This “apartment on wheels” uses only electric amenities. “It would be difficult for me to fill up a propane tank, and I don’t like to be around open flames,” Mr. Williams said. “I don’t have temperature sensation in about 80 percent of my body,” he added, and “fire in a wooden van scares me.” Mr. Williams no longer sweats or shivers, “so I need to make sure I can stay warm and cool accordingly,” as well.
He is proud of the van’s ample counter space and storage areas. “It’s really difficult for me to lean over and do anything without any core muscle functions,” he said. Pullout counters and drawers with adaptive cooking knives and can openers make things easier. Wide aisles for his wheelchair mean greater maneuverability. Incorporating proper heights and clearances was critical.
The van has an induction stovetop, a 12-volt refrigerator, a sink, a heater, insulation, operable windows, a bed and other amenities.
After his accident, Mr. Williams learned to live independently. “This led me to starting my own drone photography business,” providing photos and videos for everything from construction projects to movies, he said. He added that he was one of the only quadriplegic drone pilots certified by the Federal Aviation Administration.
He has piloted the van over 45,000 miles so far, traveling from Key West to Seattle to Cabo San Lucas, Mexico, and down to Ushuaia, Argentina, from Santiago, Chile.
All those miles take a toll. “I’ve had issues with my lift, the power door and the power seat base,” Mr. Williams said. “Everything except for the hand controls.” Accessibility equipment isn’t made for harsh environments, and not every mechanic’s shop can fix the gear, either.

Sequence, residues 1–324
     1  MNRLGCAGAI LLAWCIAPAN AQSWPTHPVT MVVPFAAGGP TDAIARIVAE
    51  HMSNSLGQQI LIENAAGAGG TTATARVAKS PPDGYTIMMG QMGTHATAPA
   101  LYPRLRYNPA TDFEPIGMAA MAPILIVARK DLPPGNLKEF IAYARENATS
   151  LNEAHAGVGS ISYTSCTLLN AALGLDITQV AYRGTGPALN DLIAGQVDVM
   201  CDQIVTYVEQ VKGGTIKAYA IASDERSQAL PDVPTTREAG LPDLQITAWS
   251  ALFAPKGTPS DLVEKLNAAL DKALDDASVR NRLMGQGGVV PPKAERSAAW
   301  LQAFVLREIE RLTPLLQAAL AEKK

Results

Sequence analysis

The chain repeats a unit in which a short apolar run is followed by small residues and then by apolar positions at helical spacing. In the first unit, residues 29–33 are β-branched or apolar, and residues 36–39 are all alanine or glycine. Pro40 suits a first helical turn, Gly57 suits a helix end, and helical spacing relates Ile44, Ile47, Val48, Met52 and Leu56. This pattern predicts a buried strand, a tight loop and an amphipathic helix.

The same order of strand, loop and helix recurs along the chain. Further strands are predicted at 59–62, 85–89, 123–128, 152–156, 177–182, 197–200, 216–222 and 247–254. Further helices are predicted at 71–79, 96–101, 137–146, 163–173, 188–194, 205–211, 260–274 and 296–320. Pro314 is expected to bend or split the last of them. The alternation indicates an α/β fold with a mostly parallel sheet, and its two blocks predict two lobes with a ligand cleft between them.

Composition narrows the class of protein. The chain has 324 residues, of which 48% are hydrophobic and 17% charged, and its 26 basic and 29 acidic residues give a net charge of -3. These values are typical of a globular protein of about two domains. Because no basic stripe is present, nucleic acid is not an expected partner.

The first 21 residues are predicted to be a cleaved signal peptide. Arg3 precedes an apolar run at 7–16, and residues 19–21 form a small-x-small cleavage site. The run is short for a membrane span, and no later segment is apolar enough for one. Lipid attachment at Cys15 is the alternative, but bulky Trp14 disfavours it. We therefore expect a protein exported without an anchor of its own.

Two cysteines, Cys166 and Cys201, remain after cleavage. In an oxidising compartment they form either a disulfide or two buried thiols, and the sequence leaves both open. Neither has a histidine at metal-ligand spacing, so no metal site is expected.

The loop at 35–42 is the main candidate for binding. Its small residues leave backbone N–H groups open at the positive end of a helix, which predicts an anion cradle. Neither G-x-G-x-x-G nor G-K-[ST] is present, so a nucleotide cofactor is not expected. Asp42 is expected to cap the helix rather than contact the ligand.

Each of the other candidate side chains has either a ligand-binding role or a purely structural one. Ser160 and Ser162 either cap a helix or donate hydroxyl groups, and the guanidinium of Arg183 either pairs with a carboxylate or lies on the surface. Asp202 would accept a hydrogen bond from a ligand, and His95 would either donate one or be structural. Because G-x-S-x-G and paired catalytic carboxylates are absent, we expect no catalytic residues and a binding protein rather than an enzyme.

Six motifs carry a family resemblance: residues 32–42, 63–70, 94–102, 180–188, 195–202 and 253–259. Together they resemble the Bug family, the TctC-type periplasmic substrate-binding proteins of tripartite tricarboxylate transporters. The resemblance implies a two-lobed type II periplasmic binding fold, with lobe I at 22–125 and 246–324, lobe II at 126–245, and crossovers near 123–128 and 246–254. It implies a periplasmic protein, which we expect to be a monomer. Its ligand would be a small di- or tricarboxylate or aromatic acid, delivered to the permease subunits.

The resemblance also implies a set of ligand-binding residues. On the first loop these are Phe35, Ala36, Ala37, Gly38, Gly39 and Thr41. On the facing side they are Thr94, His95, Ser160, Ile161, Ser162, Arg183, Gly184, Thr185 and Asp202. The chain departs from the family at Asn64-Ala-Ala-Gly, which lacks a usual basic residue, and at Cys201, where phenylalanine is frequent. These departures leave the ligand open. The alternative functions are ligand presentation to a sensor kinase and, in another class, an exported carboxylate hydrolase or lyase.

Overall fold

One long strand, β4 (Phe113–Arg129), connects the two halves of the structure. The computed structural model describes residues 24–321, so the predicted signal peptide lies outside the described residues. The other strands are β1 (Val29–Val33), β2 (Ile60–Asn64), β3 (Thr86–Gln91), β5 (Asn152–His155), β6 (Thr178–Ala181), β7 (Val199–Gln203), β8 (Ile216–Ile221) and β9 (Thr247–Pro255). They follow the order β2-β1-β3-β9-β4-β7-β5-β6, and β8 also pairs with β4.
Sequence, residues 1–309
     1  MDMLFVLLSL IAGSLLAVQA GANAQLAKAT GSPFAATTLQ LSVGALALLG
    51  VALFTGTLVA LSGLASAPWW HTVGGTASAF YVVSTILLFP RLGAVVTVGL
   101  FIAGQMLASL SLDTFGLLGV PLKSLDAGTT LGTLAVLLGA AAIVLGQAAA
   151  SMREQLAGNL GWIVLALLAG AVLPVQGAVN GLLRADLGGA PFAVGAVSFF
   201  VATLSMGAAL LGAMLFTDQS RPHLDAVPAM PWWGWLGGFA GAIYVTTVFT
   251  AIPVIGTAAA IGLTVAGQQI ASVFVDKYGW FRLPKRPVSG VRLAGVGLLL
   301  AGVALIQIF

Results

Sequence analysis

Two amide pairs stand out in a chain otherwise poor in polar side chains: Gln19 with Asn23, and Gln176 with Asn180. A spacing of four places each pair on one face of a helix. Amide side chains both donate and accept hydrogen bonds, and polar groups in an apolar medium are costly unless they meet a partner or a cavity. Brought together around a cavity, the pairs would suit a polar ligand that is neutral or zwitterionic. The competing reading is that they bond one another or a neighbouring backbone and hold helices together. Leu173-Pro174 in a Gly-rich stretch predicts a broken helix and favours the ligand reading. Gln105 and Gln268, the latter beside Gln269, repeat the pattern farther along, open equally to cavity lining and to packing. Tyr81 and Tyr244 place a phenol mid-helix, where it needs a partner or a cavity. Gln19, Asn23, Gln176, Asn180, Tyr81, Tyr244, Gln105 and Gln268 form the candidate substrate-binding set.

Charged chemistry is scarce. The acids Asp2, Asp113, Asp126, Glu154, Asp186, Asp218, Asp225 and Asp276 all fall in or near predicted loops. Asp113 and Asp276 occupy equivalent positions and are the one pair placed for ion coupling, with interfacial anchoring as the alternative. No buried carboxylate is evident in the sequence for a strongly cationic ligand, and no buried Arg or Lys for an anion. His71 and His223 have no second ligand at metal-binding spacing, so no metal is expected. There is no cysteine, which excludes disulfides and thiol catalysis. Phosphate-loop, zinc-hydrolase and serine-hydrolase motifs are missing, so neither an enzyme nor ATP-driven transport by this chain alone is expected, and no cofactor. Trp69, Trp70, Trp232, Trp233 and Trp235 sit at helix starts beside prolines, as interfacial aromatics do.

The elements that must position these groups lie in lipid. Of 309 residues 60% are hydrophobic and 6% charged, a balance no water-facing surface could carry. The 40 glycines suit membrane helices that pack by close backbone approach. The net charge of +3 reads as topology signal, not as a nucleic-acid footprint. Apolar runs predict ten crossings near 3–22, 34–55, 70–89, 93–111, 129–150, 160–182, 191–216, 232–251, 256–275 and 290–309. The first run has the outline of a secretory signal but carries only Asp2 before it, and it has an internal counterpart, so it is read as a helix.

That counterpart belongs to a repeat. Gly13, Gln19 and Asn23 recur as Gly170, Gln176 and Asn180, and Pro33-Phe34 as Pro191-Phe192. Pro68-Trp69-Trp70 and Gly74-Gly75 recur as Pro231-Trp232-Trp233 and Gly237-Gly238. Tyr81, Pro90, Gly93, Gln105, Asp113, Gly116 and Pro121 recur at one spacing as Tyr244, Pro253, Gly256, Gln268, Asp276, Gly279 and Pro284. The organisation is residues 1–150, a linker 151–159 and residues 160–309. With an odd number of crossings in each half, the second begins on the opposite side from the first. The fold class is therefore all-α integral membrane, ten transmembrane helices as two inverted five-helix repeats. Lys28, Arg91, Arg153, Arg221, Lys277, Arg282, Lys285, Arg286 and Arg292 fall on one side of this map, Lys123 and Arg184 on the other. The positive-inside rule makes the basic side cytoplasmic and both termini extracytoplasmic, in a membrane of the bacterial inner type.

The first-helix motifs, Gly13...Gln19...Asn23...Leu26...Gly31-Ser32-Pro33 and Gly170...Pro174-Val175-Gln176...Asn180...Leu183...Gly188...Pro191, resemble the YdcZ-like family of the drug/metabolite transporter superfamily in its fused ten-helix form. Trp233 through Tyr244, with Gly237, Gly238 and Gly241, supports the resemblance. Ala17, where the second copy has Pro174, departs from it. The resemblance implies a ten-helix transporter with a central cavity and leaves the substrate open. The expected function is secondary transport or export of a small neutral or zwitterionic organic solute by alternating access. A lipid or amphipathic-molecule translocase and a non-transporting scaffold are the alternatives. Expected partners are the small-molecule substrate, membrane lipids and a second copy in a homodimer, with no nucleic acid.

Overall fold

After all of his experiences, Mr. Williams is eager to give back, and he has teamed with the nonprofit Walkabout Foundation, which provides wheelchairs in developing countries and teaches about adapting vehicles for accessibility. For just over $300, Walkabout can deliver a wheelchair anywhere in the world. Mr. Williams’s goal is to raise $15,000 to ship an entire container of wheelchairs to Latin America.
He also gives talks at hospitals as a peer mentor, teaching patients about adaptive overlanding or van life.
“Kirk is a yaysayer, not a naysayer,” said Topher Downham, an outreach coordinator at the City of Boulder Open Space and Mountain Parks. Mr. Downham is a quadriplegic, too, and he and Mr. Williams have become good friends.
They have traveled together on multiple adventures, like scuba diving in Cozumel and four-wheel mountain biking on the steep trails around Boulder. “There are a lot of good people around the world that’ll help you in a pinch,” Mr. Downham said.
Mr. Williams realized that people with and without physical obstacles were curious about adapting vehicles. His goal is to build a website with information about his van as well as networking opportunities.
His wheelchair breaks down prejudices, he said. “People generally are excited and willing to help me any way they can,” he said. “When I take the lift out of the van, everyone seems to stop what they’re doing to watch me.” He’s used to that, knowing that people are excited to see what’s possible with a disability.
The coronavirus had kept Mr. Williams stuck in Buenos Aires for four months. But he was fortunate to have his brother, Clayton, with him. They recently returned to the United States to continue helping others.
His Instagram acquaintance, Ms. Renker, plans to move to Edinburgh to start her degree in transformative teaching and learning. After talking to Mr. Williams, she’s inspired. Her dream is to build an accessible sailboat and sail back to her childhood home in Sri Lanka.
“I wanted to change the world. And I will,” she said.
Things aren’t always easy, Ms. Renker acknowledged, but having people like Mr. Williams to help guide her helps.
“Adventure and freedom and independence were everything to me,” she said, with him in mind. “So, keep living like you do, so I know I can too.”